Ace Your Financial Analyst Interview

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When applying for a financial analyst job, get ready to spend huge amounts of time and energy polishing and customizing your résumé and cover letter — they’re the entry point to landing a job interview. But once you get the call to meet in person, that’s no time to relax.

Now the Real Work Begins

Recruiters and hiring managers are quick to note that too many job applicants don’t dedicate enough time preparing for the most important part of landing of the whole process: the in-person interview.

Fortunately there are ways to prepare. Here are some tips for acing the interview based on conversations with financial services recruiters and active hiring managers.

1. Know the company and sector inside and out. You’re applying for a research job, so you had better show that you actually took time to research the company and its place within the financial world.
Study the company and make sure you’ve covered all these areas:

-History

-Size

-Services

-Fields of expertise

-Any recent big deals or acquisitions

-Names and backgrounds of the chief executive and the people who will interview you

-Recent press releases and any other up-to-date news about the firm

It’s all readily available via Google, Wikipedia, Yahoo Finance, Bloomberg, government regulatory agencies and other sites. While you’re at it, talk to friends, relatives and acquaintances who might be knowledgeable about a company — or at least its reputation.

2. Tailor your answers. Don’t treat financial analyst jobs as cookie-cutter positions automatically transferrable from one finance sector to the next — they’re not. Research the specific sector and expertise of each company you interview with and be prepared to tailor your responses so they’re a match.

3. Draw up a mental list of your strengths and weaknesses. It’s corny, but you’ll almost inevitably be asked a variation of “So, tell me your greatest strength,” or “What’s your biggest weakness?” Similar inquiries include: “Tell me your greatest success at a job,” or “What was your biggest mistake while on a job?” Create a list of what you think are three or four of your strengths and a few of your weaknesses.

4. Assemble a portfolio. To support your answers, review any past examples of research reports or other business assignments you’ve done as an intern (or as a junior analyst if you’re applying for a senior analyst position). Analyze the specifics of those particular cases, and be prepared to answer detailed questions about them. Bring the reports — along with any accolades from supervisors or teachers — in an organized portfolio to the interview.

4. Plan to talk about life experiences and career goals. Be ready for discussions about your career goals, college major, extracurricular activities, summer jobs, post-college jobs (if any) and other items on your résumé. One investment banker says he also likes to hear from candidates about non-business successes they’ve achieved in life. “I’ll say, ‘Tell me one thing you’ve really mastered and are good at.’ It can be music or painting or running road races. We want (to hire) someone who has already proven they’ve done something really well.” And whatever you do, be confident but not cocky.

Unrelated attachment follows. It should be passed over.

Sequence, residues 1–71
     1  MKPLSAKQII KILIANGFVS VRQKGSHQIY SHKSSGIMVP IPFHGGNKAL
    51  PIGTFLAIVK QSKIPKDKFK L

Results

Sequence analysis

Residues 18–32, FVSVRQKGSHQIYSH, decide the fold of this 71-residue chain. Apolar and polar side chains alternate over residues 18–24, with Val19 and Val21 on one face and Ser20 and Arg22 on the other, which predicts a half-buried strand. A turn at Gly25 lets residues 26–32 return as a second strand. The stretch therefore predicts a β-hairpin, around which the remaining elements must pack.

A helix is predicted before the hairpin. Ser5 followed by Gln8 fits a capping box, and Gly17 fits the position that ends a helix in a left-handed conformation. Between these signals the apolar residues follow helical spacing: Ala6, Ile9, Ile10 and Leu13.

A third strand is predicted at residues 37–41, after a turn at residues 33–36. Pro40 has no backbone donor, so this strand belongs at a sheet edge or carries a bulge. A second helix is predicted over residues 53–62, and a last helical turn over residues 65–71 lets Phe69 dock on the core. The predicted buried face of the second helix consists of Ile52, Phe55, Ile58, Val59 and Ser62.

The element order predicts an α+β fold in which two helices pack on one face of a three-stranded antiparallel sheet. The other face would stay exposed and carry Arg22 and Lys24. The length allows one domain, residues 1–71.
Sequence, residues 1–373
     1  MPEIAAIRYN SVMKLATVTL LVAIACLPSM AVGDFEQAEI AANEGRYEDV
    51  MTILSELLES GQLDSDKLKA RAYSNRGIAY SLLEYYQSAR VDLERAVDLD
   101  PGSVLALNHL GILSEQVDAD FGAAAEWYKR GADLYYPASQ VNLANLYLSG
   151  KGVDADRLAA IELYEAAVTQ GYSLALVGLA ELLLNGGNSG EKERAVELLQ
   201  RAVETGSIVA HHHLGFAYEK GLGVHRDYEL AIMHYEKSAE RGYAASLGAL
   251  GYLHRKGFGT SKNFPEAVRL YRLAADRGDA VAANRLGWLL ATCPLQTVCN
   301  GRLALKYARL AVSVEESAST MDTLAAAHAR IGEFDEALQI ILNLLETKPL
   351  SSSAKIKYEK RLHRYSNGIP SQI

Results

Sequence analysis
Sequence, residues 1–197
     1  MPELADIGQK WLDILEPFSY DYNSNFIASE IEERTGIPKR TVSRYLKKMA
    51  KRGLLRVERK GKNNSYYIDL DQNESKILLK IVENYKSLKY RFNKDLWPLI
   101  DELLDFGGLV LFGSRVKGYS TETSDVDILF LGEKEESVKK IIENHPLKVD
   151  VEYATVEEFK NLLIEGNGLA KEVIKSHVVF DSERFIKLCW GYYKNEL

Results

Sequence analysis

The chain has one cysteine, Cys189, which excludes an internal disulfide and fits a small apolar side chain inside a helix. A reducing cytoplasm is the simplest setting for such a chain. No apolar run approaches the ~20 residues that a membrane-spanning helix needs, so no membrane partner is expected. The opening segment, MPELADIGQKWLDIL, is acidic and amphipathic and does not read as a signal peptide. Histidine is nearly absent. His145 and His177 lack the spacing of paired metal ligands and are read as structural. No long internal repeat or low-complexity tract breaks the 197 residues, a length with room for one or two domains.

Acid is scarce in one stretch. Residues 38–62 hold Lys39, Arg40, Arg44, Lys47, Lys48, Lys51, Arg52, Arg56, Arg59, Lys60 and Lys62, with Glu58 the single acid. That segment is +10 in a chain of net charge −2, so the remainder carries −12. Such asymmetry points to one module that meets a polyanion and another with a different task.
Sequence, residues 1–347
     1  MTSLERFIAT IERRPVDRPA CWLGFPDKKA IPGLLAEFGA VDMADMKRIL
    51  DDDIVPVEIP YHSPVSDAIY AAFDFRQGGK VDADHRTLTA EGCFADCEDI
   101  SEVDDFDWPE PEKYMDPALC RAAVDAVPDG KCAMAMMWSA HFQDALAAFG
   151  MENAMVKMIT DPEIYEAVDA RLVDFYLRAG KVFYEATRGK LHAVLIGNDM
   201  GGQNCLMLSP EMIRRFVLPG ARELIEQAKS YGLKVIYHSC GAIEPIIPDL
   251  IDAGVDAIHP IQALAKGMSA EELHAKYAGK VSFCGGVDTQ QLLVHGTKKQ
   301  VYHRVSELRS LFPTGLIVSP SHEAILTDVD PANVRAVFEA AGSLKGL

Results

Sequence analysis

5. Be able to explain why you want the job. One commercial mortgage banker, who asked not to be named, says he carefully explores a financial analyst candidate’s knowledge of his industry and why they specifically want to get into commercial real estate. “I want to find out if they’re serious about getting into (the field) and so I’ll ask them, ‘So, why aren’t you applying for a financial analyst job on Wall Street? Why are you here?’ ”

You’d better have an honest answer — with details about the type of financial company and position that you’ve applied for.

6. Be prepared for spontaneous tests. The same investment banker says he’ll sometimes verbally outline a general business scenario, such as one firm trying to buy another firm, and asks candidates, “So why would someone want to buy such a company? How would you go about researching that company?” Such “tests” are not meant to be trick questions. They’re meant to see how you might react and approach a problem.

If you’re working with a recruiting company to land a financial analyst job, they’ll often subject you to a number of assessments before you head out to an interview, says Richard Deosingh, a recruiter at Robert Half in New York. Recruiters might test how well you know Excel or if you can efficiently organize spreadsheets, for instance.

During interviews, companies rarely ask candidates to physically prove they know how to use Excel, PowerPoint and other software programs needed to conduct, analyze and present data in research reports. But they may ask you detailed questions about the programs or how you’ve used them in the past.

7. Ask questions that show your interest. Interviewers almost always invite questions from candidates. This is another chance to be personable and demonstrate interest in the job, so have a list ready in advance.

Some questions to consider include:

-What’s a typical day like for a financial analyst at this firm?

-What type of clients will I work with?

-Would I specialize in a specific field of interest?

-How did you (the interviewer) get his or her start in finance?

-What are the prospects for promotions?

Preparation is key. Practice, get your story straight — and you’ll be on your way to crushing the interview.

Jay Fitzgerald is a business journalist based in Boston. Over the years, his articles have appeared in The Boston Globe, the Boston Business Journal, the Boston Herald and other publications.

 

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